Business Lecturer: Job Description, Duties and Requirements

Jan 16, 2020

Learn about the education and preparation needed to become a business lecturer in this video. Get a quick view of the requirements, as well as details about the training, job duties, and professional experience to find out if this is the right career for you.

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  • 0:01 Essential Information
  • 0:19 Job Description
  • 1:09 Job Duties
  • 1:48 Job Requirements
  • 2:21 Salary & Job Outlook

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Essential Information

Degree Level Master's degree
Degree Field(s) Business administration (MBA) or related fields
License/Certification Optional certifications available based on specialty
Experience Successful business experience
Key Skills Public speaking, teaching, and communications skill
Job Outlook (2018-2028) 15% growth (for postsecondary business teachers)
Median Annual Salary (2018) $83,960 (for postsecondary business teachers)

Source: U.S. Bureau of Labor Statistics

Possessing both academic and professional credentials, business lecturers generally teach undergraduate and graduate students interested in business courses based upon their expertise in both spheres. This job typically requires an MBA degree, as well as relevant business experience.

Job Description

Business lecturers work as teaching staff in postsecondary business classes and colleges. These men and women, while not tenured or in tenure-track positions, are hired to teach specific courses and, to varying degrees, participate in the governance of the department in which they have been hired. Thus, in addition to teaching, business lecturers can also advise students, participate in faculty and administrative meetings, act on academic committees, and organize departmental workshops.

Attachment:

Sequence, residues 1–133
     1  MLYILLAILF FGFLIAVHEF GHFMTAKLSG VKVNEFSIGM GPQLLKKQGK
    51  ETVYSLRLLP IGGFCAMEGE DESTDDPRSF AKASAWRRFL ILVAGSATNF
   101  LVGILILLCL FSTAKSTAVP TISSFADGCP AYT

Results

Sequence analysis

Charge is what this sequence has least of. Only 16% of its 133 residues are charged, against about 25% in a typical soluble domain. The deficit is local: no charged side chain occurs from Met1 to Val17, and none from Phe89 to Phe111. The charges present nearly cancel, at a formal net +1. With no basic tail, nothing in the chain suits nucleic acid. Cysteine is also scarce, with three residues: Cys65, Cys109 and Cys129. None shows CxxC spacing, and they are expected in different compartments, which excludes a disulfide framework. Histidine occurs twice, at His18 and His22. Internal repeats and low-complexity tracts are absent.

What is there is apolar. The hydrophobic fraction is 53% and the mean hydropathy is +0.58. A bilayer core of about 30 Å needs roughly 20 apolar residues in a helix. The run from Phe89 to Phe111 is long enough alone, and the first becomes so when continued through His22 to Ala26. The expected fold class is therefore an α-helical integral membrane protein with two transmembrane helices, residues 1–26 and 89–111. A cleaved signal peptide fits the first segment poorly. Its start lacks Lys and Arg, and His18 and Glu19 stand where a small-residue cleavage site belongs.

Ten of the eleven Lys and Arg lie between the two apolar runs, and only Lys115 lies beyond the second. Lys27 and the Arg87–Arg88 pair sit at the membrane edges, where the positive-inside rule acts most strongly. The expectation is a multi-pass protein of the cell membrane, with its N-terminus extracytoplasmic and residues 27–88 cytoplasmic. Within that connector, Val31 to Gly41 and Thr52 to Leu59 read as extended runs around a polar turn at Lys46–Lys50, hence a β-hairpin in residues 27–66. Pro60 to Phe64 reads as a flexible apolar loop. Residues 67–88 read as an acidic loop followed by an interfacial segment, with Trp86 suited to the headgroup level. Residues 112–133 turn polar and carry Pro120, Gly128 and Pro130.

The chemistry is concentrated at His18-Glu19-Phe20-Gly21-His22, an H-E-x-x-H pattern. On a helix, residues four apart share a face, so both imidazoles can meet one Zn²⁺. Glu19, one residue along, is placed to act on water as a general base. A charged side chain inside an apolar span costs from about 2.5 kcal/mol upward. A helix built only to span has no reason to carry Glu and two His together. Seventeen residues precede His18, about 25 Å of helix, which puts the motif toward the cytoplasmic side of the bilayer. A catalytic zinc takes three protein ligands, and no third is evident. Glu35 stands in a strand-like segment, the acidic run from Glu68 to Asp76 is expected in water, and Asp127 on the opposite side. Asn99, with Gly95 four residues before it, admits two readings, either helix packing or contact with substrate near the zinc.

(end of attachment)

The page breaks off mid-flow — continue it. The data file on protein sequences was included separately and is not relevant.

The teaching load of business lecturers varies according to the institution in which they work. However, they're generally hired to teach in a specific business discipline, such as management, e-commerce, business and information technology, international business, or accounting. Often, these lecturers aren't required to pursue academic research, although such work isn't discouraged.

Job Duties

As with their colleagues in other fields and departments, business lecturers conduct courses, seminars, and lectures. Similarly, they participate in the administrative aspects of postsecondary education, including committee and advising work. They are also expected to maintain a working knowledge of their school's procedures, expectations, and rules.

Business lecturers often maintain a presence in the business world, as well as in the classroom. Business lecturers utilize not only their academic but also their professional connections and experience. Thus, they are often expected to assist students based on both their academic and workplace expertise.

Job Requirements

Depending on both the school at which they teach and the department in which they work, business lecturers need not have a doctorate degree. For many in the business world, the terminal degree is the Master of Business Administration or similar degree. In addition, many business departments prefer business lecturers who are outstanding professionals in their field. For example, business lecturers may be successful entrepreneurs, executives or experienced in highly specialized fields, such as business law, technology development, or consulting.

Salary & Job Outlook

Although the U.S. Bureau of Labor Statistics (BLS) doesn't provide information specific to business lecturers, it does publish data for the employment outlook and salaries earned by business teachers at the postsecondary level. According to the BLS, the employment of postsecondary business teachers is projected to grow by 15% between 2018 and 2028, which is faster than average. The same source indicated that, as of May 2018, business teachers in postsecondary schools earned a median annual salary of $83,960, although this statistic likely reflects the salaries made by full-time instructors.

Business lecturers generally teach undergraduate and graduate students interested in business courses based upon their expertise in both academic and professional settings and may also advise students, participate in faculty and administrative meetings, act on academic committees, and organize departmental workshops.

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